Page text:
KUALA LUMPUR — Shopping malls are in trouble. For the past few years, new shopping centres in the Klang Valley have been finding it difficult to fill their majority quota (at least 80% of available units) upon opening. Malls are also finding it tough to land the right anchor tenant – be it a hypermarket, supermarket, department store, cineplex or bowling alley – say retail experts.
Ironically, many developers are still planning to build shopping centres. According to the deputy director general of valuation (Technical) of the Valuation and Property Services Department, Dr Rahah Ismail, the incoming and planned supply of shopping malls in the Klang Valley will likely contribute another 29 million square feet of space in the near future, adding to the existing 56 million square feet in the Klang Valley.
Alarmingly, market analysts have classified just 45 to 50 of these malls as “successful”, in terms of annual footfall and revenue generated as well as rent collected.
A great many are, in fact, underperforming. On the fate of incoming supply of retail space, Savills (Malaysia) Sdn Bhd managing director Allan Soo told Real Spaces that existing new malls are going to find it difficult to attract tenants as retailers shelve their expansion plans.
On the need for so much retail space, Soo said that there is certainly segmentation happening now, where malls are positioning themselves to bring in specific retailers to attract specific income levels.
“However, the impact of all this [surplus] space is that the retailers are finding it difficult to survive as shoppers are spoilt for choice and will automatically choose malls that have more things to offer, either in terms of more shops, merchandise, convenience (closer to home) or a better ambience.
“So for mall operators, size does matter; bigger malls draw bigger crowds. Smaller malls have to be niched or be very special in terms of the experience they provide,” Soo said.
He added that shoppers are also quite different now in terms of profile, as we are seeing a new Gen Y and increasingly Gen Z segment of the consumers determining industry standards and behavioural patterns.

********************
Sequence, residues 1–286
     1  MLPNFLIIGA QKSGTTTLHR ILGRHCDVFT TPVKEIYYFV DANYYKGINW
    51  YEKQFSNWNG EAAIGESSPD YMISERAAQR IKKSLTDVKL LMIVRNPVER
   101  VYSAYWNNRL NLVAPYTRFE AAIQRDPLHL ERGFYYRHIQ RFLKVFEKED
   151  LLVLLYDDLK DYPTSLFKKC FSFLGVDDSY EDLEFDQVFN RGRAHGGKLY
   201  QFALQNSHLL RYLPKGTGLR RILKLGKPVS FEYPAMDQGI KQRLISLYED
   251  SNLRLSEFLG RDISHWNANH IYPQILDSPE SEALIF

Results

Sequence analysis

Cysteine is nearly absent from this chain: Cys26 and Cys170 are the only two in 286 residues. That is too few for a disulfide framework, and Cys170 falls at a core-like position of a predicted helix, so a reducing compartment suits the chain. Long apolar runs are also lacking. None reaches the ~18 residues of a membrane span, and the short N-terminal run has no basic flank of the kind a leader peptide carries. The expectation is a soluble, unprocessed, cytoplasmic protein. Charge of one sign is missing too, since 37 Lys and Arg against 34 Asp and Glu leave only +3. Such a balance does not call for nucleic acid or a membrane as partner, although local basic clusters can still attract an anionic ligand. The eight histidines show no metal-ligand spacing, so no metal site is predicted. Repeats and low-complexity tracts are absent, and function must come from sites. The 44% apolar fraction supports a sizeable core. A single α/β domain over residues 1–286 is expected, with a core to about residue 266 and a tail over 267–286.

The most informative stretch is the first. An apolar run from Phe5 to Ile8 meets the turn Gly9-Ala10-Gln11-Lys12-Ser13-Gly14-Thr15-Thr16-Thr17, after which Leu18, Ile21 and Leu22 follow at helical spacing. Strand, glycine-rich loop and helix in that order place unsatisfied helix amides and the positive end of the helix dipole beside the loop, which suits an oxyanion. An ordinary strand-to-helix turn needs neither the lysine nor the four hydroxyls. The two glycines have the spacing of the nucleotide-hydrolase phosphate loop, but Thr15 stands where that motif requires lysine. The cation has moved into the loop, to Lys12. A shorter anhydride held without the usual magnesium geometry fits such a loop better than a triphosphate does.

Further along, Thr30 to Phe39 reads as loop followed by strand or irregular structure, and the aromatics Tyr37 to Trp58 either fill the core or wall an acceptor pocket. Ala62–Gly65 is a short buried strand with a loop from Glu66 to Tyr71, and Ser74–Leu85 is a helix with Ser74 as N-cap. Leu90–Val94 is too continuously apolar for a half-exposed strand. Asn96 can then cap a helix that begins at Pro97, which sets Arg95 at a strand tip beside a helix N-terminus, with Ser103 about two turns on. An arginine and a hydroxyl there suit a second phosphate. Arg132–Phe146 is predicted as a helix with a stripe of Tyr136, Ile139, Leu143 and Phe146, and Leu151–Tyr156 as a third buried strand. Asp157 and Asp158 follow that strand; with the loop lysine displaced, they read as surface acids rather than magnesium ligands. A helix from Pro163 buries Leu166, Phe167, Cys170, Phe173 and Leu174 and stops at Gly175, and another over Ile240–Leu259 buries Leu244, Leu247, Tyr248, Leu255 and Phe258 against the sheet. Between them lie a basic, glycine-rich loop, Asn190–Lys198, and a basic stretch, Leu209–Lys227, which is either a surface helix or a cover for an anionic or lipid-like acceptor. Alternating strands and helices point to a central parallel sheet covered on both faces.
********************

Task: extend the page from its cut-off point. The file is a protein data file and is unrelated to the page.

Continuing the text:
Certainly, these younger groups prefer online shopping and “indies” (independent retail outlets/brands) within nicer boutique type malls like the Curve and Publika and pop up shops.
“But in terms of numbers of malls, the simple answer is that we do not need so many. We just need better malls,” Soo stressed.
He also said that online shopping could pose a serious threat to malls here, as online retailing is fast taking over from the traditional brick and mortar shops.
He believes that this year will be challenging to the retail sector as headwinds are strong against the Malaysian economy, but Johor and Penang will fare better because of tourism. There will also be a rise in online retail options as well as a growing preference among the middle income segment to buy at discounters.
Soo explained that 2014 was a bad year, where sales turnover dropped 20%, and 2015 was worse with the implementation of the Goods and Service Tax (GST) and the drastic drop of the ringgit.
Upon GST implementation, there was a further reduction of 50% in sales for many categories, including food and beverages. In May 2015, sales normalised until there was a sharp fall again in September as the ringgit weakened.
However, Soo believes there are two beneficiaries of the weakened ringgit, Johor and Malacca, where sales shot up by more than 20% because Singaporeans regularly frequent these cities and spend more from September onwards.
“GST and the weakened ringgit prompted many retailers to shut down, especially in the older and weaker malls, some of which cannot cope with the changing trends as newer and better retailers shun these malls.
“There was also a consolidation in numbers of shops, where big brands and cosmetic counters began to reduce their number of outlets in order to improve their overall performance,” he said.
One example of changing times is the RM100 million (US$237 million) department store operator Parkson, which has invested in rebranding and repositioning itself. It intends to enter new categories — such as gourmet food, supermarkets and beauty — and import new fast-fashion brands.
Variations of this reform will be introduced into its operations in other countries such as Vietnam, Indonesia, China, Myanmar and Cambodia.
Parkson Retail Asia director Datuk Magic Lee said the group’s sales could fall by as much as 15%. He said the poor result was not just due to GST implementation, but also the ringgit’s heavy devaluation.
Hence, it plans to launch three affordable fast-fashion brands from Korea soon. The brands are Spao, Mixxo and Who.A.U. Parkson aims to build a portfolio of about 100 brands (expanding from its existing 35 brands) in its apparel segment while continuing to open new stores throughout the region.
Also in its plans are four stores in Malaysia, three to five outlets in Indonesia, two in Myanmar and one in Cambodia this year.
While consumer sentiment is expected to remain weak in Malaysia, Lee hopes the rebranding campaign will fuel at least a 50% increase in sales year-on-year.